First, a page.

Skipping breakfast increases insulin resistance

Skipping breakfast increases insulin resistance

Colorado City : CO : USA | Jun 17, 2013 at 3:08 PM PDT
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Diabetes: understanding insulin resistance

Skipping breakfast is bad for health, says a new research. In the study, women who did not have breakfast had higher spikes in insulin and glucose levels after lunch when compared with the women who only had water in the mornings. The result was shared by Elizabeth Thomas, MD, of the University of Colorado’s School of Medicine in Aurora.

An increase in the level of free fatty acids was also seen, since lipolysis was occurring.

"It's possible that insulin resistance over time may predispose to further metabolic derangements and possibly progression to type 2 diabetes," said Thomas.

Lisa Fish, MD, an endocrinologist practicing in Minneapolis and a member of the society's Advocacy and Public Outreach Core Committee, said, "Learning about these mechanisms does give us better data to recommend eating habits to people, and I think our society is having trouble with eating habits."

Fish also said, "People may be doing that to try and eat less but they end up with a dysfunctional use of fuel for their bodies that causes them to actually gain more weight and develop more insulin resistance."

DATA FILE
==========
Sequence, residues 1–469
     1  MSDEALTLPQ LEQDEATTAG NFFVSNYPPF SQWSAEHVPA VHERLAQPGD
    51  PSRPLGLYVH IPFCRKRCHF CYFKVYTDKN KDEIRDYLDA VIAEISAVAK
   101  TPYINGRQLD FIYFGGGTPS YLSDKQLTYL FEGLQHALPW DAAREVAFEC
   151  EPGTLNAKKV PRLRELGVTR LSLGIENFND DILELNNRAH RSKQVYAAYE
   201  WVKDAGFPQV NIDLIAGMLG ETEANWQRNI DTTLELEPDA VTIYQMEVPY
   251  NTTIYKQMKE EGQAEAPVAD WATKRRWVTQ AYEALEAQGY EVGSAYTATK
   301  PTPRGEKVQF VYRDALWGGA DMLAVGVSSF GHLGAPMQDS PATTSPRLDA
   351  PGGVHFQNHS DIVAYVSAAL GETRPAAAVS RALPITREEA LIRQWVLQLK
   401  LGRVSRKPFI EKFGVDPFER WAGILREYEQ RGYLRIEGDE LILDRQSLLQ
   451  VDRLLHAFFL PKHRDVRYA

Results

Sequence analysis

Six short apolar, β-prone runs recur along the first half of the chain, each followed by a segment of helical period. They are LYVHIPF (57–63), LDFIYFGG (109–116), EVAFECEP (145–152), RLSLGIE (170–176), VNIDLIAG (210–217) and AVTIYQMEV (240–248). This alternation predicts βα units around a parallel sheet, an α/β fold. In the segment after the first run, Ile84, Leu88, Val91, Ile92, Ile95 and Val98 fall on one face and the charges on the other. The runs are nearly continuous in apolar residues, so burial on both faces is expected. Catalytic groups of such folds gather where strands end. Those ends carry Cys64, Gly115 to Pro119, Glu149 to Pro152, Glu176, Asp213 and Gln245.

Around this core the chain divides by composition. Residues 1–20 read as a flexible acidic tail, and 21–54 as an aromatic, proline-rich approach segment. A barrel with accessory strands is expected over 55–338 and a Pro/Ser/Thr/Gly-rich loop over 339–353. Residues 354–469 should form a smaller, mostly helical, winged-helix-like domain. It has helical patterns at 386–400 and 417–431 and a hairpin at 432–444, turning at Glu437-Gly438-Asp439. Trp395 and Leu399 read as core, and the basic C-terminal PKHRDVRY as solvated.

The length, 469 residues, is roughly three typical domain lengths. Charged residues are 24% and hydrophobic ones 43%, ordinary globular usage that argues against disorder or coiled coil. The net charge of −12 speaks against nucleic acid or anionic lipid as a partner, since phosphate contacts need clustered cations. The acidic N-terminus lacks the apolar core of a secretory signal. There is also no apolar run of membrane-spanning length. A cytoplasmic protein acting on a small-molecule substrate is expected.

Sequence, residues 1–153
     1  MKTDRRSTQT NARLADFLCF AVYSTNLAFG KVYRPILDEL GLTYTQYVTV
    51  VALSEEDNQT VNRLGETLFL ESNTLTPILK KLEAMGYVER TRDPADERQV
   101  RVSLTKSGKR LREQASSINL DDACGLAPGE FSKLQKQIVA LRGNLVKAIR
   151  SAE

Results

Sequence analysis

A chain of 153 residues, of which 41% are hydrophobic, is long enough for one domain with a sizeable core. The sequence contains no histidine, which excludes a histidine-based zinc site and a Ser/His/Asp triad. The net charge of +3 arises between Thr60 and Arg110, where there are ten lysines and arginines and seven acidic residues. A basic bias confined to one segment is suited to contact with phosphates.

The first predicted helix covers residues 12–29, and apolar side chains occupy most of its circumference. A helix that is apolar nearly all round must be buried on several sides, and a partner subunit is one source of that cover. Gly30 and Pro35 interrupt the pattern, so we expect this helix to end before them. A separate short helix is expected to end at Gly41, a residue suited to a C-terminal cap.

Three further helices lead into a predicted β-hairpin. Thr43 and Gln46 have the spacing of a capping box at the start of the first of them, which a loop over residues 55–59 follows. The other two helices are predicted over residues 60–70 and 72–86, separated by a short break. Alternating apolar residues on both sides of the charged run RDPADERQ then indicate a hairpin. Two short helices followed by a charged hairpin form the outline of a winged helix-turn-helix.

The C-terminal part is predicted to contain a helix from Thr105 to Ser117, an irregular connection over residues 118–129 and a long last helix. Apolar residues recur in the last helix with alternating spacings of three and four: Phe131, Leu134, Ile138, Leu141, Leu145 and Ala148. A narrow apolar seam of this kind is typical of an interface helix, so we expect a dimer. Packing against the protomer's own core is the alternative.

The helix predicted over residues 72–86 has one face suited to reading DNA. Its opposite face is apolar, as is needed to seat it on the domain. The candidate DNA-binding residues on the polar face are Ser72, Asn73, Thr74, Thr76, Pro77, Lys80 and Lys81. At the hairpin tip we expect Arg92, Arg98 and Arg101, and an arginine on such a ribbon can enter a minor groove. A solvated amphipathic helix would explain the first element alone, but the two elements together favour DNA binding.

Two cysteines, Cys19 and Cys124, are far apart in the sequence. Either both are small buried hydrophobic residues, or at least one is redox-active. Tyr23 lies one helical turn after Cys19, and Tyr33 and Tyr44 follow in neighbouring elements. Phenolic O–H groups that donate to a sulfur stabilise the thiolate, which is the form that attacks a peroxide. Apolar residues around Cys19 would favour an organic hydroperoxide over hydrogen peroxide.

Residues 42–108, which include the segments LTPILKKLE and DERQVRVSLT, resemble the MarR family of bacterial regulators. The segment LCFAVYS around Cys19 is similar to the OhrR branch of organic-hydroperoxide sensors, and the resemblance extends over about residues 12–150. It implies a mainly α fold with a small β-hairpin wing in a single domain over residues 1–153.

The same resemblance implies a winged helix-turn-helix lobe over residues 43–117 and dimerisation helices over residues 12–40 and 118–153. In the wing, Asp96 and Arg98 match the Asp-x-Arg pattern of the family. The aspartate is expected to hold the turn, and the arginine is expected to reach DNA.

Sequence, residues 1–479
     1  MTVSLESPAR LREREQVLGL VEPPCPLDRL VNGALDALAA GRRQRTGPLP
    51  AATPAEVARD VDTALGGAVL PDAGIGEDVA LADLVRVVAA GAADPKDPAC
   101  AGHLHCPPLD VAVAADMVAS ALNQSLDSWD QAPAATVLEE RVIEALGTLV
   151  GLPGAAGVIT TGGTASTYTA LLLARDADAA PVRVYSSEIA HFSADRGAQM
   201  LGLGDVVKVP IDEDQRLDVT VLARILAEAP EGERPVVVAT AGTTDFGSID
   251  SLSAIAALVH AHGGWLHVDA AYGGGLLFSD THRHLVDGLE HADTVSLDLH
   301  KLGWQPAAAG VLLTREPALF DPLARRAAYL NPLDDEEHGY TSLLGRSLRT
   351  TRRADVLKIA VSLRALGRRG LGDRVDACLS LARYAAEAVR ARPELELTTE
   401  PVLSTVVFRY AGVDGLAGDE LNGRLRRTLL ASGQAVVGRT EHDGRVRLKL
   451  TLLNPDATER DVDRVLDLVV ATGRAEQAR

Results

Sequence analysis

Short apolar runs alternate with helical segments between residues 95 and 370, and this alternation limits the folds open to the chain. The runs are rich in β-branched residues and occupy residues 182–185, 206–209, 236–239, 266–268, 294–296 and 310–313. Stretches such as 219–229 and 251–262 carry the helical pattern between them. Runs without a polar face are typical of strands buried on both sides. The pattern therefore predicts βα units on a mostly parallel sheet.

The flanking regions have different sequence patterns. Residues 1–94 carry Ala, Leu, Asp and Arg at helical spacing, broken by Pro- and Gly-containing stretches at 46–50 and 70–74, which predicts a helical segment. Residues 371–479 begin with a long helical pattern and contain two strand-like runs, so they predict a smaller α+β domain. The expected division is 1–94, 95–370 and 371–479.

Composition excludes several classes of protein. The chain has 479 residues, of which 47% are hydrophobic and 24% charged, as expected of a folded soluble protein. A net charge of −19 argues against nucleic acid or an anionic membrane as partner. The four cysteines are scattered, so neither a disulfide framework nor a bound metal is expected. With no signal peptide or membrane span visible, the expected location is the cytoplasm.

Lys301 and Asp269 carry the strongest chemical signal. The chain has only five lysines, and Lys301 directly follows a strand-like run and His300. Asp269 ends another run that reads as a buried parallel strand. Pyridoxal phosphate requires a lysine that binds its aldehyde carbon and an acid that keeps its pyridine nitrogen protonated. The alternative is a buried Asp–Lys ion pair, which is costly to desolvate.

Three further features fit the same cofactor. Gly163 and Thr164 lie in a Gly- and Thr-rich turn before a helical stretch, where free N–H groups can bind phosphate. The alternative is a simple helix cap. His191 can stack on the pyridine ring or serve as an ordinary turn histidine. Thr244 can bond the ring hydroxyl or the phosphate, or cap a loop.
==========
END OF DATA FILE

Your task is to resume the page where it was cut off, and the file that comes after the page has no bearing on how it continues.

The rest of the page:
She further said many people only have two proper meals a day and then only take snacks for the rest.

Around 10% to 20% don’t have breakfast and this results in higher body mass index (BMI) in both youngsters and adults alike.

Those who were thin and took breakfast regularly were, in the study, told to skip breakfast over a short period.

The results were impaired insulin sensitivity, no change or an increase in energy intake, increased hunger, decreased satiety and worse lipid profiles.

In the study performed on 10 women whose ages were 25 to 40 (mean 29) and who had a BMI of 27 to 35 kg/m2 (mean 31.4), eight out of ten had breakfast regularly and two regularly skipped the meal.

Results were that insulin increased to higher levels after lunch in women who did not eat breakfast. As for the free fatty acids, before lunch, these were higher in the no-breakfast group, and eating lunch resulted in a rapid drop.

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People with insulin resistance and type 2 diabetes are at higher risk of developing plaques associated with Alzheimer's
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Avaline is based in Islamabad, Federal Capital Area, Pakistan, and is a Reporter on Allvoices.
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